Slinky, inky, glamorous...the shiny black fettuccine elevates what is a relatively simple fish dish to something altogether more special. Ideal for feeding guests you want to delight, like my parents who were visiting this weekend.
Making your own pasta is easy enough to do, finding the ink to transform it isn't so simple. I generally now get all my fish from the excellent Evans in Didsbury (where I purchased the delicious and juicy carpet shell clams and giant black tiger prawns - the best I've ever tasted) but sometimes they don't have everything I'm after.
Luckily the ace Fish Society sell cuttlefish ink at a great price, so I took advantage and ordered a few sachets when I placed an order for some other more unusual bits last week.
I cooked the shellfish in a simple and heady mix of white wine, butter, parsley, garlic and lemon rind, and then speckled it with flecks of roasted red pepper before serving it poured over the pasta, accompanied by some golden roasted fennel bulbs.
It's well worth remembering that if you're making your own pasta that you'll need somewhere for it to hang with the strands kept nice and separate so it doesn't form unpleasant clumps. I don't have a proper pasta airer, instead I use one of those white clothes airers. It may look amusing to see the pasta draped all over it but it does the trick perfectly!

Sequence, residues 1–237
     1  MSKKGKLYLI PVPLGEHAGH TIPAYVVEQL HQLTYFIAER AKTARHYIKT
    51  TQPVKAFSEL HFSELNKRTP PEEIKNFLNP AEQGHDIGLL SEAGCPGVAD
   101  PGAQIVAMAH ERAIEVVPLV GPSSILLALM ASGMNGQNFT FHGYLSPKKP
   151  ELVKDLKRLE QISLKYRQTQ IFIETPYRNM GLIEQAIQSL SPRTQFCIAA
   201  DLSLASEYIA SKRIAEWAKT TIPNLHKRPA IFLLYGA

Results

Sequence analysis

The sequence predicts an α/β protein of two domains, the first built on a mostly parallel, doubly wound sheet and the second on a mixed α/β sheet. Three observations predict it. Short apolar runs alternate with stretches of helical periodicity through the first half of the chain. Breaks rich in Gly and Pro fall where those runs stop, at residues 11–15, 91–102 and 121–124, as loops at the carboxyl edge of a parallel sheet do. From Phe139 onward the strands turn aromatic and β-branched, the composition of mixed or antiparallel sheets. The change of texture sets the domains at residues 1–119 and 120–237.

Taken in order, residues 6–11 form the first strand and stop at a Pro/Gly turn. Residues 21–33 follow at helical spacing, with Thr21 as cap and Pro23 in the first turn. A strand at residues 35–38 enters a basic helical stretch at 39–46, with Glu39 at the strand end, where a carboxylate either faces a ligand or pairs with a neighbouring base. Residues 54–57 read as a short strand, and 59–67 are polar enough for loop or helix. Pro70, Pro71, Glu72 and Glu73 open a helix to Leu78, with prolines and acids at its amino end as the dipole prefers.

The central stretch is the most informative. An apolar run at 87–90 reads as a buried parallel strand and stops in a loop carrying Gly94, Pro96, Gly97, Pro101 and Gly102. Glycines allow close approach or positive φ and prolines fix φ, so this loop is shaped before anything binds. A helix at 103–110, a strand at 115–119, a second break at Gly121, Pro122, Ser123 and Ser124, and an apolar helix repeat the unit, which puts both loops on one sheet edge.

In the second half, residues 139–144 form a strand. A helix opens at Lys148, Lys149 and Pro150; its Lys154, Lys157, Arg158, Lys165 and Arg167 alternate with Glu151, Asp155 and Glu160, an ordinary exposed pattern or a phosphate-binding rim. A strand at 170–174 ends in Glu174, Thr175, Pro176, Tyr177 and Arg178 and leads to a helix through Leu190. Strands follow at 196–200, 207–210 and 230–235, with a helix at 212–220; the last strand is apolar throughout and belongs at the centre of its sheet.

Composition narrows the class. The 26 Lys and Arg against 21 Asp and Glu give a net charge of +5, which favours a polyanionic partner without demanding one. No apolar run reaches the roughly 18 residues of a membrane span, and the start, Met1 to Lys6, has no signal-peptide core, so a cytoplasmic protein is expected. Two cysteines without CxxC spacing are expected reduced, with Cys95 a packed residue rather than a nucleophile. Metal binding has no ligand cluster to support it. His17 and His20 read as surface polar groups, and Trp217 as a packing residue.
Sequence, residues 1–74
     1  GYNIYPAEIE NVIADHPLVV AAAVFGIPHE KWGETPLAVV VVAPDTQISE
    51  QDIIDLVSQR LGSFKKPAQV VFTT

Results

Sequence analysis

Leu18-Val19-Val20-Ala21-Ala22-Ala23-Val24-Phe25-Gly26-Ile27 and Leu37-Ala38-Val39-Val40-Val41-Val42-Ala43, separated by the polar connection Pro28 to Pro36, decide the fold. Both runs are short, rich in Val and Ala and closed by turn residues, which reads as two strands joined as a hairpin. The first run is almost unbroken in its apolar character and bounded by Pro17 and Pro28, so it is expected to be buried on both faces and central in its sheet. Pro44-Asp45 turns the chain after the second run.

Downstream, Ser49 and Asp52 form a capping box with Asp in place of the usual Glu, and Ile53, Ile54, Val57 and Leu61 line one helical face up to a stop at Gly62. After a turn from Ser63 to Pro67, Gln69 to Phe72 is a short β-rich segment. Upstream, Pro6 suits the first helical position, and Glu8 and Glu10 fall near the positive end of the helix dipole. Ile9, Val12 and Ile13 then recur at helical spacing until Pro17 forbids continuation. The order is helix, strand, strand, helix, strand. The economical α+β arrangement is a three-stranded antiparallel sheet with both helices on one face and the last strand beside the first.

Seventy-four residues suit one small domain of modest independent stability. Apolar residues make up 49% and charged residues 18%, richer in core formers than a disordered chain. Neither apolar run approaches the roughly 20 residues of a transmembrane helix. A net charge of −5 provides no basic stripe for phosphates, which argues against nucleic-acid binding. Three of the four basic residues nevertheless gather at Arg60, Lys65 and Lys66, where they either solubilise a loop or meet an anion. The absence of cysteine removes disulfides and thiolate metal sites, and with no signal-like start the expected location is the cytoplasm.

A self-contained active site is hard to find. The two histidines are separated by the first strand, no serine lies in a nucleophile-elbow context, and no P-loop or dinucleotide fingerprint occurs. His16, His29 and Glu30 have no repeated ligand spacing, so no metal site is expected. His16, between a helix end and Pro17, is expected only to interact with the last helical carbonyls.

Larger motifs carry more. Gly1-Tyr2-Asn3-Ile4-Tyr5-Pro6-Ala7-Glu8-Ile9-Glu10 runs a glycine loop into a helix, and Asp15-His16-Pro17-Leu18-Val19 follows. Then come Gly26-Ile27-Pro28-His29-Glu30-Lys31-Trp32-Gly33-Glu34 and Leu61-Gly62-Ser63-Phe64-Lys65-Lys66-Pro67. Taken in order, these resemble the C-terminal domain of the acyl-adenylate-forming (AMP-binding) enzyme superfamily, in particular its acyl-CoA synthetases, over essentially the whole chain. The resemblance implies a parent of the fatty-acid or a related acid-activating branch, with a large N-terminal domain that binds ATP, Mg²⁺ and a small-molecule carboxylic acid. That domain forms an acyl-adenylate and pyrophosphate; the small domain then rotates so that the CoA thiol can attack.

The various flavours and textures of the finished dish married brilliantly - let me know what you think of this little fishy dishy and if you get inspired to recreate it or something like it.
For the pasta -
600g 00 flour
6 free range eggs
A little glug of extra virgin olive oil
A scrunch of sea salt
2 teaspoons (2 sachets of what I purchased) cuttlefish ink (or squid ink)
For the fish -
1kg carpet shell clams - soaked for an hour in salted water before draining and rinsing - any that are damaged or open must be thrown away
12 giant black tiger prawns (ie raw), deveined and shell off - so three big prawns each which is just enough
3 fennel bulbs, quartered
300mls dry white wine
a handful of fresh parsley
Rind of two unwaxed lemons
2 garlic cloves, peeled and crushed
4 tablespoons unsalted butter
Olive oil for frying
Extra virgin olive oil
One red pepper, cut into strips
Sea salt and black pepper
- Preheat your oven to 180 degrees, place your pepper into a roasting tin and bake until soft and just beginning to char at the edges - you'll need to move them around during the cooking so they dont stick as you're baking them unoiled, this means they'll dry out and become more intensely flavoured. Cook for around an hour then remove and finely dice once cool enough to handle. Set aside
- Into the small compartment of a food processor with a blade, add 3 tablespoons of butter, the lemon rind (I use a grater for this rather than big strips), parsley, a scrunch of salt and blitz until together, remove and set aside